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LETTER: Locals Demand Entrance Fee to Green Sands

November 16, 2018, 1:54 PM HST (Updated November 16, 2018, 1:54 PM)
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My wife and I have enjoyed a two-week stay on the Big Island. We are currently on the Big Island Kona-side. I’ve paid close to approximately $10,000 for this trip including all the activities. I must say, we have enjoyed everything up until yesterday (11/15/2018).

We decided to check a rare beach off our bucket list, Green Sands near South Point. We were stunned driving in to the entrance to find numerous broken down vehicles, and a makeshift garage made out of blue tarps that housed another vehicle in poor condition.

We were greeted, for lack of a better term, in a menacing manner by some local Hawaiians at this very location. They said we were required to pay a $20 fee for entrance to Green Sands. We were naive and gave the remaining $15 in cash for the entrance fee because they didn’t have change for a $100. That was a red flag.

I asked, “what organization are you with?” The locals replied, “Hawaiian Homes.”

After paying the fee and proceeding on the drive to Green Sands, my wife and I realized we were scammed.

On the drive down, we saw other vehicles, including many owned by local Hawaiians hauling tourists in the back of there trucks down rut-filled, treacherous roads. We also saw many tourists walking. We were stunned by how many dirt roads running parallel to each other all leading to the same place, as well as the amount of old fishing nets and general trash along the way.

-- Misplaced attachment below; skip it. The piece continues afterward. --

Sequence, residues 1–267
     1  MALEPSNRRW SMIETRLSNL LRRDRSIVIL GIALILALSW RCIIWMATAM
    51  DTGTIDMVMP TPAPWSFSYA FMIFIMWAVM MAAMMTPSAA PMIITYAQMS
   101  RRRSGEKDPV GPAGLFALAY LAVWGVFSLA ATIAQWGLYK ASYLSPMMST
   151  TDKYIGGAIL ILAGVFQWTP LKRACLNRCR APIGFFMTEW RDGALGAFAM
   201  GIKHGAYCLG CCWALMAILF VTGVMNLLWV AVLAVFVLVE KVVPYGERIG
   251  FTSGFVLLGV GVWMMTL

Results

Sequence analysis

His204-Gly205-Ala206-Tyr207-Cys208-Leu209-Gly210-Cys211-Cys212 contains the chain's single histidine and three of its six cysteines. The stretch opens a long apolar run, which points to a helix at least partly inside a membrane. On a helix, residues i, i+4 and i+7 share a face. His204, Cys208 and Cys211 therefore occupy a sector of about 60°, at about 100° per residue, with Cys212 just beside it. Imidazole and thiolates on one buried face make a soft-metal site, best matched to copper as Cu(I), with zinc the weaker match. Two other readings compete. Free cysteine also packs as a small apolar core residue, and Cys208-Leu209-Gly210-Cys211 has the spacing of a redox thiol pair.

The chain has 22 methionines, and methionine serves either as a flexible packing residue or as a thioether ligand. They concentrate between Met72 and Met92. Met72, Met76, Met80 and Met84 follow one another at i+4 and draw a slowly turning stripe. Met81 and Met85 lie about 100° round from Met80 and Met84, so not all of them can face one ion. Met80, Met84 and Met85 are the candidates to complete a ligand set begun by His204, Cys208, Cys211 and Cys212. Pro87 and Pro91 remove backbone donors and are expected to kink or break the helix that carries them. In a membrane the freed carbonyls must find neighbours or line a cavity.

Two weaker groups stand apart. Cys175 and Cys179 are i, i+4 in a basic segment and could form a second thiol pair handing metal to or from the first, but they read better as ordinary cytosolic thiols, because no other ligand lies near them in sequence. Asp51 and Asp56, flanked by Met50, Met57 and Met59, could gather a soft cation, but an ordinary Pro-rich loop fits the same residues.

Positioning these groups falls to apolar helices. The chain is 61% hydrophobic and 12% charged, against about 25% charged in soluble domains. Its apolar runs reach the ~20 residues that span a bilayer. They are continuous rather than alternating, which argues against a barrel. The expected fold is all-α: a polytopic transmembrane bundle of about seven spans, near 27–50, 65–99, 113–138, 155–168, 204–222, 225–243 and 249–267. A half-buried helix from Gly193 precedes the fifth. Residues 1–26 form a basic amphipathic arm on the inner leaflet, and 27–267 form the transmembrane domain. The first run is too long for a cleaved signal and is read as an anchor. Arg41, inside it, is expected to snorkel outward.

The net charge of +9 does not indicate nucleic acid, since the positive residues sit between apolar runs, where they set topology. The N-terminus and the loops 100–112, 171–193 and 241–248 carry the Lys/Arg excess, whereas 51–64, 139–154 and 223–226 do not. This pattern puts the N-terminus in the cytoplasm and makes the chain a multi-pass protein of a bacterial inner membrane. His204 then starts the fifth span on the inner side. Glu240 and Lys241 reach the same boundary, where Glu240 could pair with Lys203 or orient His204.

We arrived at Green Sands without further incident and enjoyed the beach for approximately two hours. We asked other tourists at the beach if locals tried to make them pay $20 for entrance fee, they replied “yes,” but some paid and some didn’t. Perhaps they weren’t all as naive as my wife and I.

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Upon exiting Green Sands, we saw the same “local” who took our $15 entrance fee. I politely stated, “I would like my money back.” He reply “what money?” He also indicated that this was Hawaiian Homeland.

I wasn’t going to argue; however, we do know that Hawaiian beaches are required to have public access.

We left without further incident and warned tourists driving to the entrance of Green Sands. We drove eastward to the police station and reported the incident. The officer was extremely kind and did feel bad for us and other tourists. He was going to dispatch an officer to the scene and indicated that this has been an ongoing problem.

The areas of additional concern I have are:
1. These locals are operating to the extent of commercial activity without having proper business license, bonded and insured.
2. No license plates on vehicles used to shuttle tourists.
3. Locals are demanding cash. I highly doubt they are paying taxes.
4. Damage to Homelands from there vehicle traffic as well as tourists vehicles.
5. Gives locals a bad name.
6. In reading internet reviews, tourists claim they are paying $15 per person one way for a ride. If there is a party of four, that’s $120 round trip. Times that by an easy 10, that equals $1200 for one day. Times that by a year and you get my point.

In conclusion, the officer asked if we wanted our $15 back. I replied, “no, I just want the corruption to end.”

On a final note, “Hawaiian Homes Commission” published a letter in 2016 with these exact same concerns. It’s now almost 2019, what is being done about this?

In 1893, during the overthrow of the Hawaiian Kingdom, the idea of Hawaiian Homelands was born. In 1921 the FEDERAL GOVERNMENT OF THE UNITED STATES set aside 200,000 acres as a land trust for “homesteading” by native Hawaiians. The law was mandated in 1921 by US Congress. Primary responsibility was transferred to the state level in 1959. The US federal government retains oversight, including the right to sue for breach of trust.

This land was not set aside to scam tourists on a ride to the beach or to charge tourists entrance fees. It was set aside for native Hawaiians for homesteading and agricultural.

Letters, commentaries and opinion pieces are not edited by Big Island Now.

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